The emotional needs of the dyslexic child

About four years ago I went to the University of Southampton for a year and learned about dyslexia. During that time I learnt about children with dyslexia, their teaching requirements and their needs. I discovered one common problem these children seemed to suffer—low self-esteem, in some cases NIL.

As I tried to teach them, discussing with their parents how they could help, it seemed to me that very little could be done for these children that would be effective and  lasting until they learned to believe in themselves and value their own worth.

A teacher for pupils with dyslexia has many problems, no matter how sympathetic or how great her expertise is. Children do not like to be different from their peers. Withdrawing a child from the class leaves him/her wide open to comments and even ridicule from his peers. Help in class can sometimes cause even worse problems. This may and can even result in the child saying, “There is nothing wrong with me” and retiring even further into his shell and/or being disruptive. Only careful teaching, continual counseling of parent and child together seemed to work. Total trust between parents, teacher and child seemed to be the only recipe which brought success. After so many years of teaching, I am even more convinced that the child’s feeling of self-esteem come first. We tend to underestimate their level of understanding the situation.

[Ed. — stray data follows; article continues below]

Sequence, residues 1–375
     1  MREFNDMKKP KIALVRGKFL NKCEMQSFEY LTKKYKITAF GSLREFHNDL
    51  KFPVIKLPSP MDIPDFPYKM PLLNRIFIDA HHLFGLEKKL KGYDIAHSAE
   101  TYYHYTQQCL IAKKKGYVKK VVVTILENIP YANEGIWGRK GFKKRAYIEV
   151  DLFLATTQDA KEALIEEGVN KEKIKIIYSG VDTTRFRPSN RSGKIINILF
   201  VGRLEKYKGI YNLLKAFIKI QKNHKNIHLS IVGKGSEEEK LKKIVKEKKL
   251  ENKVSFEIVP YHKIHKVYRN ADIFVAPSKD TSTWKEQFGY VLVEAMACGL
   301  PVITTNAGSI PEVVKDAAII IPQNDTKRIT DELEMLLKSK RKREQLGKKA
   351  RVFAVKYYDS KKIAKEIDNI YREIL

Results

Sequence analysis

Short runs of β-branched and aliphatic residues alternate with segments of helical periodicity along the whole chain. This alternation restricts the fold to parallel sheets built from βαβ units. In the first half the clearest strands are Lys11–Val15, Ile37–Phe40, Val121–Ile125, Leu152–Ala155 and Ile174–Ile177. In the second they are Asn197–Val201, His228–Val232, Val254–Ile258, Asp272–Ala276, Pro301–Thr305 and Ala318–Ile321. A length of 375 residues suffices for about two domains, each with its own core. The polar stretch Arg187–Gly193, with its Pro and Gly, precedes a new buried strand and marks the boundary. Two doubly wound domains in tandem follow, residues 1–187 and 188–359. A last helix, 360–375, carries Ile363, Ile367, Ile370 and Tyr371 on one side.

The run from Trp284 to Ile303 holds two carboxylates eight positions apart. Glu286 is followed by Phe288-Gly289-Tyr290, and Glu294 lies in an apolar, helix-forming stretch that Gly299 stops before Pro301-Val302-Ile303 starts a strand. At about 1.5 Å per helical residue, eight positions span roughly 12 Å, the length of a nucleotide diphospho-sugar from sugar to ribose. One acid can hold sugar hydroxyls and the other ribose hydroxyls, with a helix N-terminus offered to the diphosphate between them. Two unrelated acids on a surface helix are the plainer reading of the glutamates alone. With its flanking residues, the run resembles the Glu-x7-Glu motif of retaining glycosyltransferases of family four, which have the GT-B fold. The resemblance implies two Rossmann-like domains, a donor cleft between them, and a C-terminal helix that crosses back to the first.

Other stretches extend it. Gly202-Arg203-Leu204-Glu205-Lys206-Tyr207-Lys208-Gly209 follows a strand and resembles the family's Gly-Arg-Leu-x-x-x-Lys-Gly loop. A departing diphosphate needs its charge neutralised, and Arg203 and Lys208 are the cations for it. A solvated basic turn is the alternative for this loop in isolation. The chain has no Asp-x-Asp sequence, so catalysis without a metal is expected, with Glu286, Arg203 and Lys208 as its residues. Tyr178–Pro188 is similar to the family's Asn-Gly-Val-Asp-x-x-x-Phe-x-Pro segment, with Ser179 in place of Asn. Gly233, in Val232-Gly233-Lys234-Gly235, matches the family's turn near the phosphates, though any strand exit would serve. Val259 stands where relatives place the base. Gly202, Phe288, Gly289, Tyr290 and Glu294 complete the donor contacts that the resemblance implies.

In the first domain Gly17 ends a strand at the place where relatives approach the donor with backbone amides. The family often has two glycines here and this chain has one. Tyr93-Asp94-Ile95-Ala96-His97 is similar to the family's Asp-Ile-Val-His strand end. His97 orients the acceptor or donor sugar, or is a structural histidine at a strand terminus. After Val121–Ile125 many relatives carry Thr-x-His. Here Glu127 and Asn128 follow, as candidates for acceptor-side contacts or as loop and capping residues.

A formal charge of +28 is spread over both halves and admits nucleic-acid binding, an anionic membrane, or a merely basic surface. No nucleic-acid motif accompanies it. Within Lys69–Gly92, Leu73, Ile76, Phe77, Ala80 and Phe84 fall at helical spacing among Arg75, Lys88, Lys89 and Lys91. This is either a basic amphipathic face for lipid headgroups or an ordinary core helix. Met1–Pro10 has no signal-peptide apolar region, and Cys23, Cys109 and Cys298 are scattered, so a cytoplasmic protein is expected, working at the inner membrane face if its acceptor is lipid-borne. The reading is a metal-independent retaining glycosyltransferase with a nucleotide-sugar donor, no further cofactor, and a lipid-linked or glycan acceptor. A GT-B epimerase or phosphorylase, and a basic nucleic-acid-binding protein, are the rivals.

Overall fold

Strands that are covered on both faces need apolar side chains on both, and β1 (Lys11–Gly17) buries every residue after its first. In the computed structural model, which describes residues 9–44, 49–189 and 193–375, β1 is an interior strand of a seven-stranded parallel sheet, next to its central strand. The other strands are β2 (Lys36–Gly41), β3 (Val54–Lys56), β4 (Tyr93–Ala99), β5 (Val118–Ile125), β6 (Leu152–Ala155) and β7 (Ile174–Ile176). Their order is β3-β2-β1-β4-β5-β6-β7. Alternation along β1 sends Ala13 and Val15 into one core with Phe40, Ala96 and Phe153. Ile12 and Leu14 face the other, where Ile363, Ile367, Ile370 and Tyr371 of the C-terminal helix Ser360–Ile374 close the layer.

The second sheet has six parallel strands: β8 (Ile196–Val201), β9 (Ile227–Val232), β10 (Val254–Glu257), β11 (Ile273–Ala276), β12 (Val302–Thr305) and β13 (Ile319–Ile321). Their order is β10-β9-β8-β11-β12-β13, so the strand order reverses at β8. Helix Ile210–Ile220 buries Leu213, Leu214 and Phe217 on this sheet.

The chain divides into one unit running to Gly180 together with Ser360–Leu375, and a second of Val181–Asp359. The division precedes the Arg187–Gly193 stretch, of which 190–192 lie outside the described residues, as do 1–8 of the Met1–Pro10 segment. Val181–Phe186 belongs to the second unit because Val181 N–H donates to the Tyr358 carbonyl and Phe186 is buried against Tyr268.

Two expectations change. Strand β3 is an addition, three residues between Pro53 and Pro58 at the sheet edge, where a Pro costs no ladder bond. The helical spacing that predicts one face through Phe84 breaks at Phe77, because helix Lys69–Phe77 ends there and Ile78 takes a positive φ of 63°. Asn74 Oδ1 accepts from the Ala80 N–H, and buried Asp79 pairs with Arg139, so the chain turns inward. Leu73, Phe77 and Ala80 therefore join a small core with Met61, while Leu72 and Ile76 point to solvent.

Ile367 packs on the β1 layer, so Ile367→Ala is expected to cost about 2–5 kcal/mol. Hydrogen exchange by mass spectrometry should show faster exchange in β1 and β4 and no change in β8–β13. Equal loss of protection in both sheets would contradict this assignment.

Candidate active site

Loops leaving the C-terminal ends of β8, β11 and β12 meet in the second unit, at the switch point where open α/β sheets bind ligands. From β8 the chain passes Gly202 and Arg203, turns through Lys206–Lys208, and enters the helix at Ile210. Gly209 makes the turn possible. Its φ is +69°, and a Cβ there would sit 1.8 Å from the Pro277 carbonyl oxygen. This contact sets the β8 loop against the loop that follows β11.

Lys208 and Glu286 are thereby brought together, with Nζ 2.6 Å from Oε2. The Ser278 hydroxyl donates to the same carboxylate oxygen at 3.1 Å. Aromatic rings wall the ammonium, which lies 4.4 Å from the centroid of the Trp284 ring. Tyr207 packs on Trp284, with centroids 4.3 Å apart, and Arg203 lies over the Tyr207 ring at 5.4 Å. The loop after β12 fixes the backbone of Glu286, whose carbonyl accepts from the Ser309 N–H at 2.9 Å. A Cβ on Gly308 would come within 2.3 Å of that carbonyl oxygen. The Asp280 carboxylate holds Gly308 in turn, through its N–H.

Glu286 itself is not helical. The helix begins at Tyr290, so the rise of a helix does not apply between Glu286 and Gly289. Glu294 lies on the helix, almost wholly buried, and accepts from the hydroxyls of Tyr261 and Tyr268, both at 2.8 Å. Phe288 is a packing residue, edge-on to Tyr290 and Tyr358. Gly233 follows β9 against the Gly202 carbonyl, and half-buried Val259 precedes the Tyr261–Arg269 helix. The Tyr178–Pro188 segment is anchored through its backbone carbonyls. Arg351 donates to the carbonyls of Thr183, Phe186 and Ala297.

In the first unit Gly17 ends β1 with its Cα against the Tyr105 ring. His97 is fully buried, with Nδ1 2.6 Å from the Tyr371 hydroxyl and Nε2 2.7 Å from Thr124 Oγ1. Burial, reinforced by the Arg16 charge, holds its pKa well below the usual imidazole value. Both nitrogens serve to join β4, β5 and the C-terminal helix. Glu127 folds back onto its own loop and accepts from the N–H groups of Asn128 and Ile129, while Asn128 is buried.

Dyslexia is on-going all day and night. It is not just an educational problem. Who sees the child most? The family. So who better to take a leading part in the rehabilitation of the child?

Parents often suffer feelings of guilt and anger and a feeling of total helplessness. Sometimes they wish to vent their anger on a teacher. This is not the best way to approach the problem. The child for whom the help is being sought can be stuck in the middle of a situation that he feels he has caused, feeling totally bewildered.

With all these thoughts and experiences in mind, I strongly feel that there is a need for a Goa Dyslexia Association on the lines of the British Dyslexia Association, a place where parents, teachers can try and sort out in a positive and meaningful way, how best to help a pupil with dyslexia.

– Mrs. Remediana Dias

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